Internet Explorer has had a bit of a reputation problem over the years and some people prefer to disable it on their systems. But if you have disabled it, should you continue to install security updates for it regardless? Today’s SuperUser Q&A post has the answers to a curious reader’s question.

Today’s Question & Answer session comes to us courtesy of SuperUser—a subdivision of Stack Exchange, a community-driven grouping of Q&A web sites.

The Question

SuperUser reader Stefan Surkamp wants to know if he should install updates for Internet Explorer even though he has it disabled on his system:

I have disabled Internet Explorer in the “Windows Features” dialog. Nonetheless, Windows Update says that there are security updates available for it.

I am aware that I can not uninstall Internet Explorer, and that it remains on my system. Are there any security issues if I do not install the available updates, or can I disregard all the updates for Internet Explorer?

Should he worry about installing the available updates for Internet Explorer, or can he ignore them?

The Answer

SuperUser contributors John and Virtlink have the answer for us. First up, John:

An operating system is like a table. A browser or other application is like an item on top of the table. Internet Explorer is an application, but it is physically part of the table because of how Microsoft bundled it with the OS.

Even if you do not use Internet Explorer, you really need to install the updates. If a hacker gains entry to your system, they may attempt to abuse a known vulnerability that you could have patched but did not, and then your problem is compounded. Additionally, since Internet Explorer is a shell used by some other browsers and applications, if you are using one of those tertiary browsers (such as Maxthon), you would be stuck with an older version of Internet Explorer that renders the pages (even though the interface is something else).

When dealing with vulnerabilities, you need to do a cost/benefit analysis. Does the cost of the downtime to install, and any compatibility problems it produces, outweigh the risk or loss incurred from an attack?

Followed by the answer by Virtlink:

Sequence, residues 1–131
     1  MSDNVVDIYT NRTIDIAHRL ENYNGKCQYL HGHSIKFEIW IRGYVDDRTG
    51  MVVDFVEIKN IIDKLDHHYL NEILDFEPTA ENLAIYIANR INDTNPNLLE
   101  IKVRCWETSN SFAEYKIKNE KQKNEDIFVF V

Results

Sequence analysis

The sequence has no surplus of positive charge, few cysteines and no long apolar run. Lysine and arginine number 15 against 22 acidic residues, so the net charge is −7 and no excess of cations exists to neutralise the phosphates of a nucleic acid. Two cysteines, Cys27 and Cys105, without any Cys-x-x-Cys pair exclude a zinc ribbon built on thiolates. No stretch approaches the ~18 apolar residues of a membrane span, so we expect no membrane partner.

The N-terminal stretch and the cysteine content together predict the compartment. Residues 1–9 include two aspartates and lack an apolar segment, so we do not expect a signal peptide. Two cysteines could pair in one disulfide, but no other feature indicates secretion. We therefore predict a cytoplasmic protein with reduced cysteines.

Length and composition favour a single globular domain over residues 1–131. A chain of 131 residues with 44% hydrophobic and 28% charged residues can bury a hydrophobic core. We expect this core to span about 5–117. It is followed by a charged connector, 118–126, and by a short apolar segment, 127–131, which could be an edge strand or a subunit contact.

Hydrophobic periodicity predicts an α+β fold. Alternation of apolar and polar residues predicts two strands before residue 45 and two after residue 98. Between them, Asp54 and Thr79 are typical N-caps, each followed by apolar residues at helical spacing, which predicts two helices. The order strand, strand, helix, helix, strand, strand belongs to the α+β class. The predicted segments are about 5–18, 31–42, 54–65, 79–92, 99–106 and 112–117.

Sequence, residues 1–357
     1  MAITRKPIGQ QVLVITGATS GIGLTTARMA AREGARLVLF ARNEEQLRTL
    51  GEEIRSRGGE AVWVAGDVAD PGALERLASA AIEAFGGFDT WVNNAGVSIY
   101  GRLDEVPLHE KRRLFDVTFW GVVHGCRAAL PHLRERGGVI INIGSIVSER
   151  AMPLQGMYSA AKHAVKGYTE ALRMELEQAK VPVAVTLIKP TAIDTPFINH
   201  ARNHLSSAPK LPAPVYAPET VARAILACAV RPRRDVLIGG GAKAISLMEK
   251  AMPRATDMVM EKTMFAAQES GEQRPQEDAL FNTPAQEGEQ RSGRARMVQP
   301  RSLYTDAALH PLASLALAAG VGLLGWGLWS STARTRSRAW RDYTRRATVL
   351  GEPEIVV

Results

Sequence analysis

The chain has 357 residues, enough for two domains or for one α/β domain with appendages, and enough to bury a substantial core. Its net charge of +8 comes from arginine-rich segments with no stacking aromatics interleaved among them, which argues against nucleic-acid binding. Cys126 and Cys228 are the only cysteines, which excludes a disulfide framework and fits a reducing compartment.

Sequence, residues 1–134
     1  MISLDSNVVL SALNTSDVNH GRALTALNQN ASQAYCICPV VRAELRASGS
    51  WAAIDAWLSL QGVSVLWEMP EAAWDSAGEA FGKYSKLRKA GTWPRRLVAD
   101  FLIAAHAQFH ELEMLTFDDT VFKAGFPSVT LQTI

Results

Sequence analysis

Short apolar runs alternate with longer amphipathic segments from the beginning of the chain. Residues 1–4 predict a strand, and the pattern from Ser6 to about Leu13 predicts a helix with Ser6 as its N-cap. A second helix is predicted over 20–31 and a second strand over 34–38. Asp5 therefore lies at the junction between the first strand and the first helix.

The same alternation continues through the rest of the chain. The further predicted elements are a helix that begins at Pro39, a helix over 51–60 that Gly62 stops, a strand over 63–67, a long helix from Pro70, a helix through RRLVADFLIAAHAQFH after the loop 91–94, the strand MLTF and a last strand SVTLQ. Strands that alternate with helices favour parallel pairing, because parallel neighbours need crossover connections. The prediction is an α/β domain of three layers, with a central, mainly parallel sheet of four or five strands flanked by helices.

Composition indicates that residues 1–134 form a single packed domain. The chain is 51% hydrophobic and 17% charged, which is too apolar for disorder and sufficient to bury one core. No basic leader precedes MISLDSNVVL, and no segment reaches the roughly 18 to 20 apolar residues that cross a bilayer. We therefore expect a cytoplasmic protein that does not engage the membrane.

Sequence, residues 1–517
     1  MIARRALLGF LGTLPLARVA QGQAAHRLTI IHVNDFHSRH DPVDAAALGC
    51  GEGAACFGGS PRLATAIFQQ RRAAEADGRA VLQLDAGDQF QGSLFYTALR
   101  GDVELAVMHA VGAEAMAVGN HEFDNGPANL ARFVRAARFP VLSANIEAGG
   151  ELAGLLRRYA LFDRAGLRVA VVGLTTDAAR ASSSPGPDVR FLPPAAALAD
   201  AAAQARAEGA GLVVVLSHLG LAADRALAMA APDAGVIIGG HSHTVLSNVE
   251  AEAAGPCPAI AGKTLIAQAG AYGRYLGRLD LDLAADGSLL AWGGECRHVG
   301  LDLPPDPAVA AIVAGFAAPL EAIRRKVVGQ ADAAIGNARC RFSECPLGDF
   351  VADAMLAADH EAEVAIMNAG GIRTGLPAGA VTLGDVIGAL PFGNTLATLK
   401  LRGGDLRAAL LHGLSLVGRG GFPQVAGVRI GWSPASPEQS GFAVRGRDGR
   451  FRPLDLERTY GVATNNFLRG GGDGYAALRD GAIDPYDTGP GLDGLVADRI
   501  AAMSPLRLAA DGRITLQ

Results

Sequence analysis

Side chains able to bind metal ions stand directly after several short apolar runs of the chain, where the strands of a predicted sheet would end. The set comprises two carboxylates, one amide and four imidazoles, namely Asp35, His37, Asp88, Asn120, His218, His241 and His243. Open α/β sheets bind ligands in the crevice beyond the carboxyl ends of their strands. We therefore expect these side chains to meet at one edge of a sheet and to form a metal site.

You should always install updates for Internet Explorer, even if you are using a different browser.

Internet Explorer is very tightly woven into the fabric of Windows. For example, Internet Explorer’s proxy settings, the hosts file, and Windows Firewall are examples of parts of Windows that are intertwined with Internet Explorer. A vulnerability here puts your whole system at risk.

Additionally, as you can not uninstall Internet Explorer, it can run and make your system vulnerable. You do not know when it will run. For example, if you are viewing a Help file (.chm), Internet Explorer is rendering the page for you. Some browsers and other applications use Internet Explorer under the covers to render rich content. Again, a vulnerability here puts your whole system at risk.

It is always a good idea to install all Windows updates to help keep your system as secure as possible. Far better to be safe and worry free than very sorry and reinstalling your system from scratch later on.

Have something to add to the explanation? Sound off in the comments. Want to read more answers from other tech-savvy Stack Exchange users? Check out the full discussion thread here.

Akemi Iwaya
Akemi Iwaya has been part of the How-To Geek/LifeSavvy Media team since 2009. She has previously written under the pen name "Asian Angel" and was a Lifehacker intern before joining How-To Geek/LifeSavvy Media. She has been quoted as an authoritative source by ZDNet Worldwide.
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